The Jacksonville Divorce Lawyer Blog recently asked this question in the context of a Florida divorce. Their answer was the same as ours: legally, you aren't required to have an attorney for mediation, but you really should have one with you. As they pointed out, there are several important functions an attorney will carry out for you. Here are some of their ideas, with some of mine, for what an attorney brings to mediation:
Give you an overview of the process. There are different ways to conduct a mediation and a Tarrant County divorce lawyer can tell you how mediation is normally practiced here. The process may be followed a little differently in other areas of the state.
Help you select an appropriate mediator. Just like everyone else, mediators bring different experience, knowledge and personalities to the process. To put it another way, "one size doesn't fit all". It helps to have an experienced attorney who knows the mediators in Tarrant County who can help you choose the best mediator for your case. That decision alone can have a dramatic effect on your case.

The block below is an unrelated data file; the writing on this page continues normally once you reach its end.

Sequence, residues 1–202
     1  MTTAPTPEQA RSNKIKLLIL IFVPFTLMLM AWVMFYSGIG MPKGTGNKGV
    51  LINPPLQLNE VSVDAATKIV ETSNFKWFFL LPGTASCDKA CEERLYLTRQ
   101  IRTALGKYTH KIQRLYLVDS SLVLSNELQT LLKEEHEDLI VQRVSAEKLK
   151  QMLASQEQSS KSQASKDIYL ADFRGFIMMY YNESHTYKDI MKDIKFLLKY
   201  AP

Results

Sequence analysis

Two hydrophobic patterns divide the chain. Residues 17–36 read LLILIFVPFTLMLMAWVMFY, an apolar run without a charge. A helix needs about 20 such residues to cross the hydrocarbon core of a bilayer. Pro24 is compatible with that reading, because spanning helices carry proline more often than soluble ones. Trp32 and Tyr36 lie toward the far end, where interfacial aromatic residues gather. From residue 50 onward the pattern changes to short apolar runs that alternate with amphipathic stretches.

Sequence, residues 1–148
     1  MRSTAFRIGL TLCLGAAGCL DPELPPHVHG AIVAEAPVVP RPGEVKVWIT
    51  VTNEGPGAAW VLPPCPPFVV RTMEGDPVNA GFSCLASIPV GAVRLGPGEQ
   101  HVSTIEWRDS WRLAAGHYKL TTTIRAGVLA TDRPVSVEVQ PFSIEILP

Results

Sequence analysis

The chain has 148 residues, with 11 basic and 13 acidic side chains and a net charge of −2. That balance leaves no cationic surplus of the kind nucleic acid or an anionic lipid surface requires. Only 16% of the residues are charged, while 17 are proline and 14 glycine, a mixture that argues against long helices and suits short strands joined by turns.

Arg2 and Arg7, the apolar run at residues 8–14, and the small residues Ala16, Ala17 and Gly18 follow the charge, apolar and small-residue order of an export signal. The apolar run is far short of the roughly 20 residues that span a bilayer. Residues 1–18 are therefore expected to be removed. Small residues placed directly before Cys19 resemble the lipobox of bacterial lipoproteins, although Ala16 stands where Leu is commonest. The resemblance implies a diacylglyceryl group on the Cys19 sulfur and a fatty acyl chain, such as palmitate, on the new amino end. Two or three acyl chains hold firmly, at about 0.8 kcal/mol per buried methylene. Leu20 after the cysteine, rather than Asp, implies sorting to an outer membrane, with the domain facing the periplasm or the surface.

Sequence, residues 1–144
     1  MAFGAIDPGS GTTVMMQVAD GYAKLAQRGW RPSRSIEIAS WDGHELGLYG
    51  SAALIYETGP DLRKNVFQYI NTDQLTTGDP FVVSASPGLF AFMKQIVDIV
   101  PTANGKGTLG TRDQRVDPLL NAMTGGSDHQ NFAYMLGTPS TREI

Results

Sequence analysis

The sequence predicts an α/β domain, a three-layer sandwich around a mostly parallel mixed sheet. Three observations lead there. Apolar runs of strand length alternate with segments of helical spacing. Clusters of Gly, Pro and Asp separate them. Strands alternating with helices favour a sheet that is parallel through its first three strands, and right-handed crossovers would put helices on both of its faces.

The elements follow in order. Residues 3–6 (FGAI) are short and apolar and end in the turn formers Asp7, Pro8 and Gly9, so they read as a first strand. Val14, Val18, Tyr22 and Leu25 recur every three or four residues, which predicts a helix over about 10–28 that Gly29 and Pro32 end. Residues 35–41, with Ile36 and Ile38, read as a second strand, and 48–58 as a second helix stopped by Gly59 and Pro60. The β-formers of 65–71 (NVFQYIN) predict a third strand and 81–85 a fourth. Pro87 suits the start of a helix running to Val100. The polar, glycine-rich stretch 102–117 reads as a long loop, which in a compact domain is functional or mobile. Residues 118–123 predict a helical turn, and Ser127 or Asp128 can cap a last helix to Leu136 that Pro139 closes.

Help you create and understand your options. Part of the mediation process is developing and evaluating options for settlement. An experienced family lawyer can help you create and select appropriate solutions.
Be a legal advisor. One of the primary roles of your attorney is to explain the law to you and answer any questions you have about how the law applies to your case.
Help you evaluate the offers on the table. Your attorney will ultimately have to give you advice, based on the attorney's knowledge and experience, about the advantages and disadvantages of any offers of settlement that you make or receive. The decision on whether to make or accept an offer always belongs to the client, but it's a good idea to consider the advice of your attorney. Lawyers typically look for what can go wrong with a deal, and that's a good thing to listen to when you may be anxious to settle.
Thus, while you can technically go to mediation without an attorney, you are better off having an experienced Tarrant County attorney to help you prepare and then to go through the process with you.